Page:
The pandemic gave Vito Selma a lot of time for introspection, but also for thinking about his business which was greatly affected by the restrictions, lockdowns, and constant Covid scares. The launch of his new line called Casa Selma gave the furniture designer the chance to do what’s only been brewing in his mind for some time now: working with Cebu’s fishermen while creating an impact in their livelihood.
The Cebuano designer created 41 pieces for its maiden series he calls “Understated Tropical,” which offers a wide selection of home accessories, lighting, seats, storage, and tables all under the Casa Selma line, the subsidiary of the Vito Selma brand of luxury furniture.
“The lockdowns gave me the time to think and reflect, and I realized that the world is really shifting towards digital technology, such as e-commerce,” Vito tells ANCX. “However, I also realized that I wanted pieces that are more accessible and meaningful. With the first collection, we decided to support a fisherfolk community by promoting sustainable fishing practices.”
The designer has pledged to donate five percent share of every item sold in this particular collection to the fishermen in Kalipay, Olango Island Group of Lapu-Lapu City, Cebu. Less than two hours from his studio in Mandaue City, Vito traveled to the island and learned how the villagers constructed the payaw, a fish sanctuary made of bamboo poles and coconut fronds.
Local agricultural elements also provided inspiration for this collection. He gathered these references and interpreted them into design techniques and forms for “Understated Tropical.” This is seen in the salakot-shaped diffuser of the “Sassa” lamp, in the “Don” end table which is made of rice husks. For the handwoven elements, he explored techniques using rattan and rattan skin.
Ever since Vito started his career over a decade ago, he’s held a global vision of the future brought about by his formal studies abroad. He completed his undergraduate degree in Interior Architecture and Design at the Academy of Art University in San Francisco, California, and took up Master’s in Industrial Design at Scuola Politecnica di Design in Milan, Italy. His works have been recognized worldwide. Architectural Digest listed his “Constella” lamp as one of the top 10 products at the International Contemporary Furniture Fair in New York City in 2015.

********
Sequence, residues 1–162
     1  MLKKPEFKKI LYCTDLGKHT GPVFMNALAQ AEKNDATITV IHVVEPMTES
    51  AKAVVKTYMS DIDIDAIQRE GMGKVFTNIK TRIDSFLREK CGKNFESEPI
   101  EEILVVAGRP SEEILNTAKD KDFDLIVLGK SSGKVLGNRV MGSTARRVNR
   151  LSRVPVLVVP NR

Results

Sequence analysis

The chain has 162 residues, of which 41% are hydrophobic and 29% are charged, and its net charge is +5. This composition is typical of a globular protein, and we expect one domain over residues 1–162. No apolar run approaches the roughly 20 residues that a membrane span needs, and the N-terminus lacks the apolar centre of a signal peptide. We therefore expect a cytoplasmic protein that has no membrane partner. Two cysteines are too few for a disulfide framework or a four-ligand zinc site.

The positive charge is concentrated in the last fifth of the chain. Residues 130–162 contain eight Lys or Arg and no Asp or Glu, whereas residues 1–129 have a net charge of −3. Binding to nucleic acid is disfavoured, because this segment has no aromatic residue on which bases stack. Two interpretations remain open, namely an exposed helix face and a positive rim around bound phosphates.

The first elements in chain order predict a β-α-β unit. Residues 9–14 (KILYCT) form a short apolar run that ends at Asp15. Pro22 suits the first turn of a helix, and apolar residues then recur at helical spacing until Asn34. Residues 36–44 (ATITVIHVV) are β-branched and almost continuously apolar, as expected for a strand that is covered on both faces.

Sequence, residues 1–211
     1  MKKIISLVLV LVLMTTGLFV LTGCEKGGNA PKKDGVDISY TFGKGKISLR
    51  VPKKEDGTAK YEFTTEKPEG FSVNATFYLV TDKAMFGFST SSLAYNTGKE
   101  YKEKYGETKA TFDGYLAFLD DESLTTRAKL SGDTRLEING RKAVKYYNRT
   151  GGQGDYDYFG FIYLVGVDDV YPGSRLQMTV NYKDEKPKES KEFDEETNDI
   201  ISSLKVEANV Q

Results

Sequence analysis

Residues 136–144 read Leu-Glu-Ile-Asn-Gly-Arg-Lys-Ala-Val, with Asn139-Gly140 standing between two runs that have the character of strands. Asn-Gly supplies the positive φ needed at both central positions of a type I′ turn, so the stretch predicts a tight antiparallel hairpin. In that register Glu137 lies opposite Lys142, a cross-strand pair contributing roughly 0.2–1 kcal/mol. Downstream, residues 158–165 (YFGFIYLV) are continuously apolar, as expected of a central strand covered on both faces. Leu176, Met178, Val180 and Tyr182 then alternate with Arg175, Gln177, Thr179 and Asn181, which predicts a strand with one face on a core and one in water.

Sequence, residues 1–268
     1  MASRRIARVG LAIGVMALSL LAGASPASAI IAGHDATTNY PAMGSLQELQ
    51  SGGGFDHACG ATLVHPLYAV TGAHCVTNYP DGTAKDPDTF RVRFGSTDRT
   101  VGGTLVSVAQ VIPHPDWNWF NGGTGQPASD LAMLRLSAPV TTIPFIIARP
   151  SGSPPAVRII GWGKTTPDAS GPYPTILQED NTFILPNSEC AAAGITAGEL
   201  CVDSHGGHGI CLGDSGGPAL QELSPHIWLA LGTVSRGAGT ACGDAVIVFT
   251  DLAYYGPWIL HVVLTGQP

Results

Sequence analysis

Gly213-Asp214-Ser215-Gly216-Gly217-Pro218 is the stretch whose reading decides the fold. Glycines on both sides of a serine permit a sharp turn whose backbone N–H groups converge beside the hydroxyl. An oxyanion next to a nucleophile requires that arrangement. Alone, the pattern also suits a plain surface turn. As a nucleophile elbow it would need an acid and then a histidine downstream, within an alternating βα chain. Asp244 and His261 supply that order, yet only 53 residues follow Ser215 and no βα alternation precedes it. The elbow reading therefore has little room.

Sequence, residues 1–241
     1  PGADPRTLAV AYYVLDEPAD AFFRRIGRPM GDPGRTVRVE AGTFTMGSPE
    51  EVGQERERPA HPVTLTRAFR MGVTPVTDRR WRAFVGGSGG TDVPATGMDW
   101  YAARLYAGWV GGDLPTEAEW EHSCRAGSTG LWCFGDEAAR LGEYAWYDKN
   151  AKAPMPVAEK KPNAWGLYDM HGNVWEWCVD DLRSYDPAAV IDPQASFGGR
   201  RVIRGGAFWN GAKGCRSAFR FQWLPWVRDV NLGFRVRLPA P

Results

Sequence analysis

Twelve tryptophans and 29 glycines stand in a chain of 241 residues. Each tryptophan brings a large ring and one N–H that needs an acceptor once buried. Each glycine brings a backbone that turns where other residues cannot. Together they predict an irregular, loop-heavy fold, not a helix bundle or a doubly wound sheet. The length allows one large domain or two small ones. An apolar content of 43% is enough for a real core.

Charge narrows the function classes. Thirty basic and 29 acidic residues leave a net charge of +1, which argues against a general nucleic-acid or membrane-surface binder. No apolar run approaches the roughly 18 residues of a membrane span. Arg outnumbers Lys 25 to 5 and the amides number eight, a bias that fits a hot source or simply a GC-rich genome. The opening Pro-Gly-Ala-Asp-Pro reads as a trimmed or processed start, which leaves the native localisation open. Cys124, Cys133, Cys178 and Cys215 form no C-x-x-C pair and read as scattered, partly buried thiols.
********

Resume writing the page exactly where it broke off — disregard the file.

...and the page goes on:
But there’s nothing like taking inspiration from one’s roots. “It is only fitting that our first collection be inspired by our very own home. The Filipino quality of modesty translates into our pieces; we went for a simpler approach to design, focusing on familiar forms but exploring and highlighting Filipino craftsmanship,” Vito explains.
Compared to the Vito Selma brand, Casa Selma has more accessible price points. It is also youthful, and employs more urban motif. The collection is clearly born from a refreshed perspective, and should inspire other designers to keep going no matter the challenges.
“The pandemic was definitely an obstacle. The looming paranoia over the virus, the seemingly endless quarantines, the shift to virtual meetings—it all took its toll on the team,” says Vito. “Another challenge was figuring things out in general. Almost everything we did was something we had never done before, so it was a constant trial by fire. Despite all this, we’re very proud to say we overcame all these difficulties.”